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GENITOURINARY TRACT IMAGING Table of Contents   
Year : 2002  |  Volume : 12  |  Issue : 2  |  Page : 239-244
Genitourinary biharziasis : A review


Department of Radiology, L.T.M. General Hospital , Sion, Mumbai-400022, India

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Keywords: Bilharziasis, Schistosoma Haematobium, Schistosomiasis, Urinary bladder calcification, Ureter calcification

How to cite this article:
Merchant S A, Amonkar P P. Genitourinary biharziasis : A review. Indian J Radiol Imaging 2002;12:239-44

How to cite this URL:
Merchant S A, Amonkar P P. Genitourinary biharziasis : A review. Indian J Radiol Imaging [serial online] 2002 [cited 2019 Jun 16];12:239-44. Available from: http://www.ijri.org/text.asp?2002/12/2/239/28455
Bilharziasis is probably one of the oldest diseases known to mankind. In 1910, Ruffer discovered bilharzial ova in the kidneys of mummies dating

back to 1090 B.C. Historians of medieval Egypt told stories of a disease which made the men of Egypt "menstruate like women". Theodore Biharz discovered the causative organism in 1951[1].

INCIDENCE: The disease is estimated to affect 8% of the world population [2]. It has become endemic in most of Africa, the southern tips of Europe, Western Asia and the east coast of Japan [1]. Geographic differences in the overall frequency and severity of the lesions has been noted with the severest cases being seen in Egypt [3]. The disease can spread to non-endemic areas because of the great increase in foreign travel, especially due to the ease of air transportation [1],[2]. American soldiers posted to these endemic areas have often been affected by this disease [1].

AGE AND SEX: Bilharziasis can occur at any age, studies have shown patients ranging from 6 to 70 years [3],[4]. Males are affected much more commonly than females, probably because of their greater mobility [1],[5].

LIFE CYCLE OF S. HAEMATOBIUM: The definitive host for S. haematobium is man, whereas the intermediate host is the fresh water snail. Infection is contracted by humans when they come in contact with infected water. The larval forms of Schistosoma, called cercariae can penetrate unbroken skin directly [5]. These enter a peripheral venule or lymphatic ductule [1] and go via the right heart - lungs - left heart to reach the systemic circulation. They reach the liver and mature there into the adult forms.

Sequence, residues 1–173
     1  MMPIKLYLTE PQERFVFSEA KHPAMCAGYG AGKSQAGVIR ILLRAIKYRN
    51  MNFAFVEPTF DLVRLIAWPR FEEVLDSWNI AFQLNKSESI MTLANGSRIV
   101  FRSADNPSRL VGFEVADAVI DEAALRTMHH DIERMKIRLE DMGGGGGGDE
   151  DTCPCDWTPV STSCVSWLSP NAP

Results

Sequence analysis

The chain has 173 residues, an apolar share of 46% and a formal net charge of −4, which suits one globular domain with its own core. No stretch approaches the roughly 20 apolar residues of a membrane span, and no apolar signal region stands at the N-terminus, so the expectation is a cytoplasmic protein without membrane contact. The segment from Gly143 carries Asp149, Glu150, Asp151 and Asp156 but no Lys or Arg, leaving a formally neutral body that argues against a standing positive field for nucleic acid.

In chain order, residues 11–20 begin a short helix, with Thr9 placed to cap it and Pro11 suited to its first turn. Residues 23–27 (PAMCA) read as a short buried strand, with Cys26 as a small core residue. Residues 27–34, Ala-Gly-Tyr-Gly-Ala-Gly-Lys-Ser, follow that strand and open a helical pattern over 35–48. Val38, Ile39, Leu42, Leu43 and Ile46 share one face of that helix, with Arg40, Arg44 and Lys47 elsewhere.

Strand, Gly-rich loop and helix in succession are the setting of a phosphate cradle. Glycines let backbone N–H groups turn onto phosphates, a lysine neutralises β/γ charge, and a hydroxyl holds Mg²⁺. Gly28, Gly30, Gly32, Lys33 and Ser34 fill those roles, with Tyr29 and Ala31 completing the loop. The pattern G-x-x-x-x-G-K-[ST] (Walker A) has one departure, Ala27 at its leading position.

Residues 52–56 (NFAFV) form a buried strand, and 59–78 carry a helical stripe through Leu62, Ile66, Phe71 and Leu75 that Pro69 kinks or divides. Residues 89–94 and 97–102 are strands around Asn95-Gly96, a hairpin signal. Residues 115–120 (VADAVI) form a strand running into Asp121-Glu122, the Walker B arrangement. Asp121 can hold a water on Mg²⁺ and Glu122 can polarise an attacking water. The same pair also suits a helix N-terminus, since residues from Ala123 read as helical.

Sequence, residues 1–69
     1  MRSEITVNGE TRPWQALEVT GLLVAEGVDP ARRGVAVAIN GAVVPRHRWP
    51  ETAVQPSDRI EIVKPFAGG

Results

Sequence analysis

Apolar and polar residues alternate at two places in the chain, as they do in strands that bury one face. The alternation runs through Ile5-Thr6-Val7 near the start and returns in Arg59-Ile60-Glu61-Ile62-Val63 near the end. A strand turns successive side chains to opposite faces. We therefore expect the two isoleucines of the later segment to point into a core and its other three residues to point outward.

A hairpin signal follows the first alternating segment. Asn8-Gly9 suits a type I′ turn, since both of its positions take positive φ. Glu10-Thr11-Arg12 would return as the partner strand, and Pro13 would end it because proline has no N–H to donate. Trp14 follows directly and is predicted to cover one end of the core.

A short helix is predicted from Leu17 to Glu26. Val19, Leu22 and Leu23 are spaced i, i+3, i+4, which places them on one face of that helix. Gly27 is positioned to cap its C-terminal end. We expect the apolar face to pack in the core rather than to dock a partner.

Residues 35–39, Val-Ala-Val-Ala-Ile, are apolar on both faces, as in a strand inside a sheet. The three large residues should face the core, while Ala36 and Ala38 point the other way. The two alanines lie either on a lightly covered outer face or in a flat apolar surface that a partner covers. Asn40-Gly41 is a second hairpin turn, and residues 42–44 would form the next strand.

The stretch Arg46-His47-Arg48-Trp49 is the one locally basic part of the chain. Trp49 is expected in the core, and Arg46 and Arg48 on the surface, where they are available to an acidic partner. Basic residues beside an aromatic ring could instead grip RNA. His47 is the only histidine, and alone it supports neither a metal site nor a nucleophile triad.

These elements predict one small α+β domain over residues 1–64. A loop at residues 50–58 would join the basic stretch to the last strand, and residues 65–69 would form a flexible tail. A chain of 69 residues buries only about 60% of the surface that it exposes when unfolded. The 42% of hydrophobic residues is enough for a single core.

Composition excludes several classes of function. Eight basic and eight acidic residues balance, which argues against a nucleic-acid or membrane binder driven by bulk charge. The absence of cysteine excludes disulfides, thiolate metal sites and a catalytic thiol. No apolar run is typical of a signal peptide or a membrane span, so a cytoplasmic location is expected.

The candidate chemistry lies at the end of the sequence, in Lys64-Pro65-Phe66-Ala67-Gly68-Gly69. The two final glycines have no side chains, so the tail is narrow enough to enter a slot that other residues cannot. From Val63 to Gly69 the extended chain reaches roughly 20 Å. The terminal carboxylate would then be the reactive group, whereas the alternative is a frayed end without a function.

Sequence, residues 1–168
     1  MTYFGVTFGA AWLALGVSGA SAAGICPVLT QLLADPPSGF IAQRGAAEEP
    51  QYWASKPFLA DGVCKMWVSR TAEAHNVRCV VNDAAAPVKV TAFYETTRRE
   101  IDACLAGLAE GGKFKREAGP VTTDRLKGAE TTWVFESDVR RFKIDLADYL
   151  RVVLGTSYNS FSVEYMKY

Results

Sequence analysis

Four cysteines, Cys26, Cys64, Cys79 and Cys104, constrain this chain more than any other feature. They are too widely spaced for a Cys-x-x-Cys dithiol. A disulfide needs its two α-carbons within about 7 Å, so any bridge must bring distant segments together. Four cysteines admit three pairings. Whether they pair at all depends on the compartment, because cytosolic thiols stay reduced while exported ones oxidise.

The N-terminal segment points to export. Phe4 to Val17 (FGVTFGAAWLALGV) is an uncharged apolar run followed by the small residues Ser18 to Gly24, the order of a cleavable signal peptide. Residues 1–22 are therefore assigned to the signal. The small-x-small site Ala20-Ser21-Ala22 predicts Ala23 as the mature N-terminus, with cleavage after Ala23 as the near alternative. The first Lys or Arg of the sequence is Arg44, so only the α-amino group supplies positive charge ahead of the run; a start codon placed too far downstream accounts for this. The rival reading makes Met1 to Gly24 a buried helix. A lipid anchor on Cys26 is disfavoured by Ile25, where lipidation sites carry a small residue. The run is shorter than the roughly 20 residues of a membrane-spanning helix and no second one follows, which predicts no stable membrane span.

The adult worms travel against the blood stream and migrate into the inferior mesenteric vein. The eggs are seen in the veins around the distal third of the ureter, the vesicoprostatic venous plexus and the middle rectal veins. The vesical plexus however shows the greatest number and it is here that the eggs are laid [1]. The eggs are laid in a chain of approximately twenty, positioned such that their spines engage the vessel wall [1],[5]. These enter the bladder wall and then the bladder cavity and escape out via urine. On gaining access to water, they penetrate into the soft tissues of the snail [5]. Here they differentiate into the cercariae which leave the snail and enter the water, to start a new cycle.


   Pathology Top


Schistosomal eggs deposited in body tissues act like foreign proteins and have an irritative effect leading to the formation of a pseudo-tubercle around each egg ("bilharzioma") [1],[5]. The nodules are initially composed of eosinophils, monocytes, lymphocytes and giant cells. The disease can be divided into acute and chronic stages [4]. These have also been designated as hyper-plastic or hypoplastic [1].

(1) ACUTE STAGE: The disease usually starts in the trigone and the base of the bladder with submucosal granulomas. The overlying epithelium is hyperplastic and in severe cases a pseudopapillary appearance is seen [4]. The epithelial hyperplasia can extend into the submucosa and can produce cystitis cystica and ureteritis cystica, seen as polypoid defects on the bladder film [1],[4]. Hyperplastic changes are thought to predispose to squamous metaplasia and the development of a squamous cell carcinoma [1],[6].

(2) CHRONIC STAGE: The cellular reaction associated with bilharziomas induces fibrosis with a varying degree of severity [1],[5]. Calcification of the dead ova sets in as the fibrous tissue kills the incarcerated organisms [1]. This calcification takes characteristic forms which are described below. Schistosomiasis classically involves the bladder and the lower ureters [4], as opposed to tuberculosis which initially affects the kidneys and then spreads downwards via the ureters [7].

Severe fibrosis contracts the bladder and the ureter may be turned into an inelastic fibrous tube with stricture formation, with the inevitable development of back pressure changes [1]. The final and dreaded complication is the development of malignancy, usually squamous cell carcinoma. Malignant degeneration is estimated to account for 16% of the mortality in this disease [2].

RENAL involvement in bilharziasis is usually secondary to vesicoureteral involvement and consists of formation of renal calculi and development of hydro or pyonephrosis secondary to ureteral obstruction [1].

URETHRAL bilharziasis is in the form of polyps in the fossa navicularis, periurethral abscesses and perineal or scrotal fistulae [1]. Urethral strictures are not very common, except in long standing cases.